EHR Assingments 1 - 3
EHR Assingments 1 - 3 ECON 7061
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This 8 page Bundle was uploaded by Rachel Hedrick on Tuesday February 9, 2016. The Bundle belongs to ECON 7061 at University of Cincinnati taught by Sourushe Zandvakili in Winter 2016. Since its upload, it has received 46 views. For similar materials see Economics of HR in Economcs at University of Cincinnati.
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Date Created: 02/09/16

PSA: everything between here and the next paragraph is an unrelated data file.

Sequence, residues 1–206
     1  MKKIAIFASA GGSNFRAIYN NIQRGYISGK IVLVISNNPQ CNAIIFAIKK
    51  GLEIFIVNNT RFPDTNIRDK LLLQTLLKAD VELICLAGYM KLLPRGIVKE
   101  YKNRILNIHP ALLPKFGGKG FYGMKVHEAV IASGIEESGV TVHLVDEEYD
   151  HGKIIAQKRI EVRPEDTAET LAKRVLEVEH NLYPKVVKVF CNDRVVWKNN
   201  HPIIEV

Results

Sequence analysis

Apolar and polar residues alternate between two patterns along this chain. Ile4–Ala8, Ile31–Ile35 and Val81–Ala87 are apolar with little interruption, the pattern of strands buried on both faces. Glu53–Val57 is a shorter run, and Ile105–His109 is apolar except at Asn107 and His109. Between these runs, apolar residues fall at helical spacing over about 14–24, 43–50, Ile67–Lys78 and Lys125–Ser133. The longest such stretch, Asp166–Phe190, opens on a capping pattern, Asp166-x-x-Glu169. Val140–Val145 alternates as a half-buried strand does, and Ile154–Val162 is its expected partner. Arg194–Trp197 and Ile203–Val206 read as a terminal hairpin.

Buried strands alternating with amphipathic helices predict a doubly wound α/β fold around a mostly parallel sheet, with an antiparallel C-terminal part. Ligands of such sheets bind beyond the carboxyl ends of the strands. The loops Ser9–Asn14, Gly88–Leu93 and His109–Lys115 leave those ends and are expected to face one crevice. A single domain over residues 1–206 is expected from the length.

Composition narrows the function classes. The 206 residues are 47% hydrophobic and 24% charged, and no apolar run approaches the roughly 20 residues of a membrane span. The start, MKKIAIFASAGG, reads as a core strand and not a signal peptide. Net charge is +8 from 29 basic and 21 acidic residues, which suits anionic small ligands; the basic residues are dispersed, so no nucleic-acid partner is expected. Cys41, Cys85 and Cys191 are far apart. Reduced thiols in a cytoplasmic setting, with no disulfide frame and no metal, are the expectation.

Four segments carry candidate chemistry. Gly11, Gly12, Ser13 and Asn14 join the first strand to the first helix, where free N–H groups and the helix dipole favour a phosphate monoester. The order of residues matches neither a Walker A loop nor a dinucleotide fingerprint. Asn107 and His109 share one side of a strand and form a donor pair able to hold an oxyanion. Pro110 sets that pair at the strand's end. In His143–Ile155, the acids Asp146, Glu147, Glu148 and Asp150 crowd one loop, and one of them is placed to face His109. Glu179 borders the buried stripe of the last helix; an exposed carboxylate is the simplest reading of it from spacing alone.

Economics of Human Resources, E7061 Department of Economics Carl H. Lindner College of Business University of Cincinnati Assignment #1 **NO MORE THAN 5 PAGES** 1. Consider your last job. What attributes were important in determining productivity on the job? Which of these attributes were possessed by new hires, and which were developed only after you were on the job for a while? My last position was an HR CoOp position, which was very similar to an HR Generalist position. There were many attributes that determined productivity on this job, such as organizational skills, ability to meet deadlines, attention to detail, ability to think and solve problems, communication skills, listening skills, pride and personal appearance, capability of following directions, and customer oriented/employee oriented. These were all attributes that new hires would possess. New Hires that would be successful in this role should also have ability to document, take notes, and write standard operating procedures or work instructions. They should also have good listening skills and a positive attitude. In addition to these qualities, my knowledge of the organization also helped determine my productivity on the job. Familiarity with the employees, knowledge of previous employment issues, understanding of the organization departments, functions, and locations, and ability to use the company’s intranet site to search for forms, processes, or product information were also very helpful attributes. These attributes, were qualities that I developed after I was in the position for a while. My understanding and capability of using our HRIS system, onboarding software, and performance review technology were others skill I developed on the job. After I was familiar with my role and mastered the skills listed above, I also began learning the company’s processes outside of HR. For example, I learned how accounting processed our staffing invoices. This developed my ability to look at the process as a whole, rather than each individual step. I also developed a good understanding of the company’s product line, company history, organization structure, benefits package, and cost center/budget allocation. After I was on the job a while, I also began focusing on networking with employees and with outside vendors/customers. 2. Following up on the above, which of these attributes could your firm actually evaluate reasonably well when looking at job candidates? How did they do this? Which attributes would be quantifiable? How? Many of these attributes are challenging to quantify. However quantifying or proving candidates have these qualities, is extremely important for multiple reasons. Starting with the basic attributes, pride and personal appearance can be determined in a personal interview along with the candidate’s positive attitude. By asking a combination of situational and behavioral questions, the candidate’s ability to maintain a positive attitude will be reflected. The candidate’s organization skills can be assessed during the interview also. Automated/online application and onboarding softwares are a great way to predict a candidate’s organization skills and ability to meet deadlines. These systems typically assign the candidate various tasks with corresponding deadlines. The candidate is then required to complete the task using their own log in information by the assigned deadline. Communication and documentation skills could be measured by a preemployment assessment. A short essay evaluation would prove if the candidate was able to listen to process being explained and properly document the steps from start to finish. An assessment asking them to read a documented process and explain what happens after step 2, for example, is another way to measure their ability to follow directions and read standard operating procedures. While having prior experience with our technology was not required for my position, it would have been very helpful to increase my productivity and bridge my training gap. A preemployment assessment or technology test would have been a helpful way to evaluate my technology skills and attention to detail. Inputting sample data into an HRIS system would have been the ideal job stimulation. The company could measure my speed and accuracy with this assessment. Finally the organization could also administer a preemployment assessment to determine how customer orientated I am. In HR, my customers are our employees. But my ability to meet their needs and communicate with them is extremely important for this position. This assessment could be pencil and paper. The test could provide a scenario and the candidate, or myself, would have to choose the correct response from three options. While preemployment assessments can be expensive and a bit time consuming, they are typically very reliable and prevent trouble and expenses in the future or post hire. 3. Consider your own resume. What information can a firm glean about your skills and characteristics solely from this document? What other information might be valuable? What information is misleading or uninformative? What does your resume suggest about the type of job for which you would be a good match? When glancing at my resume you will notice basic information such as my name, phone number, address, ect. In addition, you will notice my college degree, GPA, minor, and current education enrollment. This shows that my area of expertise and focus is HR. My resume also shows that I am a certified Notary Public and an active SHRM (Society of Human Resources Management) member at the national, state, and local level. My involvement in SRM shows my commitment to continuing my education and keeping up to date on HR regulations and trends. My resume will show my previous work experience. Beyond my dates of employment, job titles, and previous organizations, you will notice the specific projects and duties I was responsible for at each company. This portion of my resume shows that I possess basic HR skills have leadership experience, and have a broad understanding of each facet of HR, while specializing in none. Lastly my resume specifically list my technology experience and language abilities. Other info that might be valuable for a firm that is interested in potential hiring me is that I selffinanced 80% of my college education through work, took college classes in high school, completed a 4 year degree in 5 semesters, and studied abroad 4 times. My resume, like most, list my previous two positions. It could be valuable to know more than just the candidate’s previous two years work experience or industry experience. My previous volunteer experience or the fact I work out on a regular basis could also be valuable information for a potential employer to know. All of these things show my drive, responsibility, and personal motivation, but won’t be found on my resume. They also give a good insight to my personality, which is an unmeasurable characteristic that is important to understand before determining how I would fit into the organization’s culture. The references a candidate provides can be misleading. No one provides a bad reference. Some resumes also list the address of your previous employer. In today’s society, we can google the organization’s address if needed. This could be considered uninformative information on a resume. A candidate’s GPA can be misleading also. If the candidate tested into advanced courses or honors courses or worked throughout college their GPA could be lower. This doesn’t mean they are incapable of the class material or achieving high scores. This could mean they were stretched thin or maybe prioritized poorly. A candidate’s resume may also list technology skills such as excel. When the candidate has very basic excel skills and can’t utilize functions, such as graphing or pivot tables. A candidate could also list a software they watched a demo of on YouTube and consider themselves proficient. This information can be very misleading. All information of a resume has the potential to be misleading because you’re replying on the candidate’s honesty. This is why organizations usually conduct background checks, degree checks, and employment verifications. Personally, my resume suggests that a midcareer HR position, such as a generalist, at an international company would be a great match for me. However, this can be also misleading because that is based solely on my previous two years of work experience. My personal interests are to be involved in talent development, rather than strictly HR functions. Economics of Human Resources, E7061 Department of Economics Carl H. Lindner College of Business University of Cincinnati Assignment #2 1. If an individual believes that he or she will face labor market discrimination during their career, what effect do you predict that this will have on their incentives to acquire education? Onthejob training? For the latter, is your answer different if the training is general or firmspecific? Please use economic models to show and explain. If an individual’s feels they will face labor market discrimination, I predict this will have negative impact on their incentives to acquire education. If they feel they are at a disadvantage from the start, they likely will not contribute a large amount of time to improving their qualifications. They will not want to put time and effort into trying to obtain a higher paying position when there are odds of success are low because of the mark discrimination. The individual will have low motivation to acquire education. This type if individual may have a higher desire to obtain on the job training. Onthejob training increases their value to the firm or their current organization. Once the employee has a position and have overcome market discrimination, they will be more likely to commit to the job. Therefore, they are more likely to participate in onthejobtraining. The employee will be very likely to participate in general training to help ensure they are marketable in all markets. However, because they are feeling the possibility of market discrimination, they are more likely to participate in both general and firspecific training and stay with their current organization. One other note, is that onthejobtraining and educational investments are usually made when an individual is younger. Onthejobtraining is usually more important to younger employees also. Therefore if age is one of the individual’s discrimination concerns, they could be more likely to participate in both types of onthejobtraining. Firmspecific onthejobtraining does not make an individual more valuable outside of the organization. Therefore, the firm does not have to pay higher wages to keep the employee. General training is useful in many firms, not just the current employer. Onthejob training typically increases the future marginal productivity of employees in the firms giving the training. It also increases the marginal product in many other firms, as well. Since in wage rates paid by most firms are determined by marginal productivities in other firms, employee’s wage rates and marginal products would increase when the firms provide general training. General training would be equally useful in many firms and marginal products would rise by the same extent in all of them. This means wage rates would rise by the same amount as the marginal product. This makes it hard for the firms to capture any of the return. Since wages and marginal products are raised by the same amount, MPt must equal Wt for all t = 1, n — 1, and so on… If the employee’s training is general this equation can be used: Wo = MP0' C or this equation can be used if discussing actual marginal product: MP0 = Wn + k k = the cost of training If training was given only during the initial hiring period, expenses during the hiring period would equal wages plus the cost of training, expenses during other periods would equal wages only, and receipts during all periods would equal marginal products. k = the cost of training or MP0 + G = Wo + k K only measures the actual cost of training. It doesn’t count the time that a trainer or employee spends on this training. C = sum of opportunity costs and costs of training. MP0’ + G = Wo + C This graph shows the idea that an individual has completed fulltime schooling and enters the labor market at age A 0with earnings at E . Wsth no additional training and no developed skills, earnings would remain at E s over the employee’s life cycle. If the worker chooses to invest in on thejobtraining (OJT), his/her future earnings potential will be increase as indicated by the curve E inp comparison to actual earnings, E , a which lie below E . Tpose who invest in OJT, E sa rts below E and s approaches it at age A* (“overtaking age”) at which E anda are squal, then, E a ses above E. This graph shows the idea that if you bring an employee into your organization or hire them at a lower rate W1 and invest time and money into training them (OJT) you will not have to pay as much in the long run at W3 rather than W2. The worker’s marginal productivity will increase drastically and they will be loyal to your organization with the raise for completing their onthejobtraining. 2. What are the costs of turnover to a firm? (Hint: think about a specific worker that leaves a firm. What costs must the firm pay, implicitly and explicitly, in order to “replace” that worker?). If lower turnover provides benefits to a firm, what policies can you think of that the firm can use to reduce turnover within the context of Internal Labor Markets? If a sales engineer leaves an organization the firm faces recruiting costs. The explicit costs includes job postings, career fairs, recruiting firms/head hunters, time spend reviewing resumes, interviewing candidates, conducting background and reference checks, and time negotiating an offer to a new employee. Once the offer is signed, there many implicit costs, such as the time associated costs with orientation and administrative time setting the employee up in your HRIS system. There is additional time and money wrapped up in training the new employee on the organization, the product line, and job specific tasks. Sometimes there can also be costs associated with the employees’ assets, such as a laptop, car, keys, and phone. The organization must either ensure these items are returned or eat the costs associated with them. If the terminated employee files for unemployment, the firm’s unemployment insurance costs will increase. If the terminated employee files a law suit, the firm has time and money in hiring a lawyer and handling or settling the dispute. If the terminated employee recently completed training or education reimbursement the organization must undergo that cost, as well. A firm could implement a training back pack policy to help reduce the costs associated with training. For example, the employee may be required to pay back 100% of their tuition reimbursement if they do not stay with the organization for at least 2 years after completing the program. A similar policy could apply for general and job specific training that the company provides. The company can also implement a policy that says employees must stay in a position for at least a year before applying for an internal role. While internal moves are typically a good thing for an organization, there are still costs associated with these moves. Some of these costs include for job specific training and recruitment to replace that individual. If an employee would like to make an internal move before their one year term is up, the firm could require approval from human resources and their supervisor to help ensure the move is beneficial and to allow time for a proper costbenefit analysis. Economics of Human Resources, E7061 Department of Economics Carl H. Lindner College of Business University of Cincinnati Assignment #3 1. Many Silicon Valley firms have very high turnover. How do you explain this phenomenon? Are there any explanations based on human capital theory? Can you think of other explanations? The lucrative Silicon Valley gold rush is very fitting. Silicon Valley is experaencing limited supply of engineers and an oversupply of understaffed companies. Most of these companies are fast growing small startups. These business compete for labor by poaching employees from other companies. Companies are even willing to rehire employees that have left previously. Large companies such as Google, Apple, and Adobe have even created an unofficial “treaty” not to hire employees from one another, according to Quora.com. It is hard for large companies to compete with the monetary values associated with startup companies’ stock options. Human capital theory predicts that a given worker has a greater probability of quitting a lowwage job for a higherpaying one according to our class lecture. This theory applies perfectly to this situation. If another company is offering a higher wage workers are likely to leave their current position. Human Capital theory also forecasts that employees are more likely to quit their job during economic booms, such the situation in Silicon Valley. In addition, turnover rates tend to fall when labor markets are loose and less competitive and rise when labor markets are tight and very competitive. Startups are successful these than 25% of the time, typically. This means the average employee only works there for a maximum of 24 years. Hence why the having a 4 year stock option seems like forever in Silicon Valley. The 4 year stock option sets and upper limit for employment in a sense. With this being said, it’s easy to see why employees change employers every 4 years, if not sooner. After all, Silicon Valley seems to be all about managing risk and maximizing one’s economic or financial returns. Lastly, the duration of technology is extremely short. The most successful companies eventually downsize or end up being nothing. Technology dies when something better is created. The same is true for companies in Silicon Valley. Jobs are eventually replaced with new; employee churn is everywhere is Silicon Valley. 2. How do you predict that turnover will vary with the number of years of tenure that the employee already has with the firm? With the number of years of total labor market experience that the worker has? Why? A high turnover rate means that the employees’ average a shorter tenure with the firm; when the turnover rate decreases, average employee tenure goes up. The higher the total number of years in the labor market the employee has the less likely they are to leave the organization. Therefore, the lower the turnover rate. Older employees do not like to seek new positions for many reasons. They have a fear of age discrimination. They do not want the financial stress of retirement planning when retirement is so close. Studies show that older individuals are less accepting and adaptive to change. Lastly, older workers tend to lack many technical skills that are needed for new positions. 3. Currently most medical insurance in the U.S. is provided by employers. That is, it is not “portable” in that the worker cannot keep the insurance if he or she changes employers. What is the effect of this on turnover? How do you evaluate proposal to make medical insurance portable? The fact that medical insurance is provided through employers in the U.S. can help to reduce turnover, if the organization offers acceptable benefits that can support the employee and his/her family. However, if the organization’s benefits are not acceptable they will likely experience high turnover. A company’s benefits package is a great way to be competitive in the labor market and attract the best talent. COBRA is currently the best way to ensure you have benefits when transitioning employers. However, COBRA is extremely expensive and is only offered for a short amount of time during an employment transition. If absolutely needed, individuals can obtain medical insurance through a private insurance source. This can also be costly. Therefore, employees are less likely to leave and organization because their benefits are not portable. I would evaluate a proposal to make medical insurance portable by focusing on the cost of turnover and how good medical benefits helps to reduce turnover. This could be done by surveying various organization’s employees and asking which employees would seek new positions if the company did not offer medical benefits or offered portable benefits. I would predict this response to be very high – many employees would leave if the company did not offer benefits. I would then calculate the estimated cost of turnover for each of the employee that said they would leave. This would help determine the overall cost associated with not offering benefits or offering portable benefits. I would consider the administration aspect. Administering benefits can be costly. If employees were to terminate and have portable coverage the organization would still need to administer benefits to this individual.